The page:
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sunandshadow

recommend a how-to-write book

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Why don't we all recommend a favorite one or few books which teach something having to do with writing? Maybe if I get some good recommendations I will redo the writing inspiration sticky to include them. Let's see, I'll start by recommending _Dramatica: A New Theory of Story_ It provides an interesting structural perspective on what a story is, and also it's available free online. [smile]

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Story: Substance, Structure, style and The Principles of Screenwriting by Robert McKee

http://www.amazon.com/gp/product/0060391685/104-8196122-4914326?v=glance&n=283155

I've seen too many stories which just didn't grasp the basic dramatic fundamentals; this is an excellent starting point.

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J. M. Straczynski's book on screenwriting is a good read. He worked on a lot of US TV -- from "Murder, She Wrote" to animation, as well as "Babylon 5" -- so there's a lot of good stuff in there about the craft side.

He does have his flaws as a writer, but the book focuses mainly on scriptwriting and the craft skills you need to build up in order to do it.

Why a screenwriting book? Because a lot of writing for games involves writing scripts and dialogue. Straczyinski's experience with animation is particularly pertinent as, like animation, games often record vocal talent before the visuals and interactivity are fully implemented.

Linky. (Looks like he's revised it since I bought my copy back in 1999. I have the 1981 text in mine.)

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he has also some pretty famous comic books under his belt, like the "Rising Stars" and "Midnight Nation". But I have an awful feeling that Straczinsky is a White Wolf universe RolePlayer who suddendly found himself with quite a lot on his plate and re-used his old games and transformed them into comic books. You won't get it out of my head that Rising Stars (which I consider to be at the origin of "the 4400" TV series) doesn't come from White Wolf's super-hero game (I can't find the name, right now...) and that Midnight Nation isn't a rip off of Wraith...

But he is still quite good, and always willing to integrate some old myths or religious beliefs in his innovative writings. I just can't stop thinking of "ssellah", when I think of him. And of his 9/11 black book comic book. He is just SOOOO good at what he does...

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Original post by sunandshadow
Gaah, I hate that book. But lots of people swear by it, so I can't deny that it's important.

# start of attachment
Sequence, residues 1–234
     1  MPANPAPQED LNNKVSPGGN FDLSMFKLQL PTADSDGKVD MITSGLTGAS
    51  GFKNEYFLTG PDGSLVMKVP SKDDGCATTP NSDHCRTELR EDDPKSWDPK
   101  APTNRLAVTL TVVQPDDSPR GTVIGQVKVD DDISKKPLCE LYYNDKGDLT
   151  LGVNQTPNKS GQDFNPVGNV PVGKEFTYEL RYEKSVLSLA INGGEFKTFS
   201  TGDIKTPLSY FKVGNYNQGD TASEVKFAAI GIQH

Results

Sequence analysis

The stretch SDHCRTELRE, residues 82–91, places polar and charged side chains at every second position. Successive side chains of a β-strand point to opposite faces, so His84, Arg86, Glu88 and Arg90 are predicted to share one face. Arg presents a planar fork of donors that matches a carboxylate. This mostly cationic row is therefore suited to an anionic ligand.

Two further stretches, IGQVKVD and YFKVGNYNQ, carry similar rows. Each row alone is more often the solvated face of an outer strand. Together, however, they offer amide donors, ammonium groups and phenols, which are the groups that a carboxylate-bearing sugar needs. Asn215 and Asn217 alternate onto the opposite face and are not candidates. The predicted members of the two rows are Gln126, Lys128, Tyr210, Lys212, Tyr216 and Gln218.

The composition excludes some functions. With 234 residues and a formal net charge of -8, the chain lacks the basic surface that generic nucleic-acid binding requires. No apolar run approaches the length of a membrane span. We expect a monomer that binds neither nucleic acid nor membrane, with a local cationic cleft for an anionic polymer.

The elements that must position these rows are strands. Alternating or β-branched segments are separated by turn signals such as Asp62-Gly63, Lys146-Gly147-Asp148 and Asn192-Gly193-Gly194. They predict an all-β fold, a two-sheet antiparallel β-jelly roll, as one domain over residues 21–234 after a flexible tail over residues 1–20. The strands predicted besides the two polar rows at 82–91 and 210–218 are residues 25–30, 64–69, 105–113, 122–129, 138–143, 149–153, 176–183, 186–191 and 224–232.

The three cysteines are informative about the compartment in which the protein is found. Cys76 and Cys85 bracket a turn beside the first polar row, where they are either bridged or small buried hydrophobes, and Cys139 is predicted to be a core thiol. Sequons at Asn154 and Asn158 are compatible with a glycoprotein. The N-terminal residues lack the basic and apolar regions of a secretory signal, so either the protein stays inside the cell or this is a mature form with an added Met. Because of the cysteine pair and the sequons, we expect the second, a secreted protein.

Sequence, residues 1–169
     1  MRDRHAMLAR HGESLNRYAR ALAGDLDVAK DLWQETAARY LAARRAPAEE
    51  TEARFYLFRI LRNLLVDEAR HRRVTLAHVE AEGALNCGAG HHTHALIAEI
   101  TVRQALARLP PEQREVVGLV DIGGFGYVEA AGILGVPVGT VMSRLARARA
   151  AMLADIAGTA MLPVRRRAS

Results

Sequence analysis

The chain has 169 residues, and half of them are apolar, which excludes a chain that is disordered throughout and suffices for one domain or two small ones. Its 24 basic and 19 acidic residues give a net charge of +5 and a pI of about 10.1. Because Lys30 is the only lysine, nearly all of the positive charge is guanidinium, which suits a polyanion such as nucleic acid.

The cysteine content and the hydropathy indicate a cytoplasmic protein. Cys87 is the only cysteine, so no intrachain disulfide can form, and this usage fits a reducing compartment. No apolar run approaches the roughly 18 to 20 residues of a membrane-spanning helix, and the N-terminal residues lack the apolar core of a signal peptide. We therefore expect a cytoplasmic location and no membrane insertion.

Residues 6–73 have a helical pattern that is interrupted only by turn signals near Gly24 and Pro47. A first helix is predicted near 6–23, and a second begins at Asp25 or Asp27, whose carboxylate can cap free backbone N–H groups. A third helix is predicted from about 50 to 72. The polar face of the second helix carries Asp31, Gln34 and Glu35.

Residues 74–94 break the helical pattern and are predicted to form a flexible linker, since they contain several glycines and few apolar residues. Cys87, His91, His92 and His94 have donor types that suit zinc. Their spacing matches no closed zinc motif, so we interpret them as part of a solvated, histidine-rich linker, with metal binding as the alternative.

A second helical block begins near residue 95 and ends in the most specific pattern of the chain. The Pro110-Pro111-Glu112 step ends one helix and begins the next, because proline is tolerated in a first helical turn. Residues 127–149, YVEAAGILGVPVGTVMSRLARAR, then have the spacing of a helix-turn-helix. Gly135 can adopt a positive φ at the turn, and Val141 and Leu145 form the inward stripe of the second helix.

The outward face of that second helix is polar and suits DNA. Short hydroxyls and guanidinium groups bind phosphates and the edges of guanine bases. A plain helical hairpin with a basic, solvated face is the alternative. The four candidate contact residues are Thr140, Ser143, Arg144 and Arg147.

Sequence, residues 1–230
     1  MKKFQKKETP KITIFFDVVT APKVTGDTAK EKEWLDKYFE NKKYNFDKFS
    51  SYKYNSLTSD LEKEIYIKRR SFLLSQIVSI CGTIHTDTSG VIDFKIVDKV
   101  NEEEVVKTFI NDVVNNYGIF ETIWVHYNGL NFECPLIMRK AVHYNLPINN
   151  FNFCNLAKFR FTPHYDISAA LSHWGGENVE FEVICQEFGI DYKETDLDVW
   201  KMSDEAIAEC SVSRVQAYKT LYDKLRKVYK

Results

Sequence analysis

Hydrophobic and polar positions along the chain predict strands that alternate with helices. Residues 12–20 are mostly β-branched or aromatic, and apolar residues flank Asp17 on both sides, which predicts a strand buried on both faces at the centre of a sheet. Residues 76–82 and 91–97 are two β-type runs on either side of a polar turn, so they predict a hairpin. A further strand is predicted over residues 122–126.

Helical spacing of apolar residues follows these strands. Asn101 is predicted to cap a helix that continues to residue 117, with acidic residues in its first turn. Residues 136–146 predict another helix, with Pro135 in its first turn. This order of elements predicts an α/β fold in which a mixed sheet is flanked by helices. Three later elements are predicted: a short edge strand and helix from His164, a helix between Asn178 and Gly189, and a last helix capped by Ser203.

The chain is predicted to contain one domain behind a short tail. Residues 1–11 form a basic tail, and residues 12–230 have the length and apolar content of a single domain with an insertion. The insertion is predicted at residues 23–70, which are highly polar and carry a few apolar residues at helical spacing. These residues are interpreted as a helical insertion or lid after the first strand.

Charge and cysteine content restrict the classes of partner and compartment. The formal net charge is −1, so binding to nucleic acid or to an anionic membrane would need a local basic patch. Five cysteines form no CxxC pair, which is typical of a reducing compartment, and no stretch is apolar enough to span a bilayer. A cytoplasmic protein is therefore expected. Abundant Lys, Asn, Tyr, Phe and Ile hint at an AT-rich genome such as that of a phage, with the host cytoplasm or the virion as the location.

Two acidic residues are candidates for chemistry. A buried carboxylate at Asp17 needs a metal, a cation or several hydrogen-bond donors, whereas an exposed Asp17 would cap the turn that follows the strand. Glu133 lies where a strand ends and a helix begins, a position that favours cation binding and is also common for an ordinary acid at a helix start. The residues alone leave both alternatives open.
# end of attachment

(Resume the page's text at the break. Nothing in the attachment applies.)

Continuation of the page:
What exactly do you dislike about Elements of style?

I enjoyed, and found very helpful, Characters and Viewpoint by Orson Scott Card (Ender's Game anyone?) as well as Making Shapely Fiction by Jerome Stern.

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_Elements of style_ is a book which just lays down rules and says this is the right way, the only way. It's prescriptive rather than descriptive. I can't stand inflexible dogma of any kind, it disrespects my ability to use my own judgement and decide something different is better.

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Original post by sunandshadow
_Elements of style_ is a book which just lays down rules and says this is the right way, the only way. It's prescriptive rather than descriptive. I can't stand inflexible dogma of any kind, it disrespects my ability to use my own judgement and decide something different is better.
Let me quote Elements of style itself in retort:
It is an old observation that the best writers sometimes disregard the rules of rhetoric. When they do so, however, the reader will usually find in the sentence some compensating merit, attained at the cost of the violation. Unless he is certain of doing as well, he will probably do best to follow the rules. After he has learned, by their guidance, to write plain English adequate for everyday uses, let him look, for the secrets of style, to the study of the masters of literature.

It makes no claim that its rules are final, merely asserting that it would be best for those who don't know what they're doing to follow them. While I don't entirely disagree with your opinion—I too dislike inflexible dogma—I don't believe that you should ignore what it says.

Most of what it says rings true with me.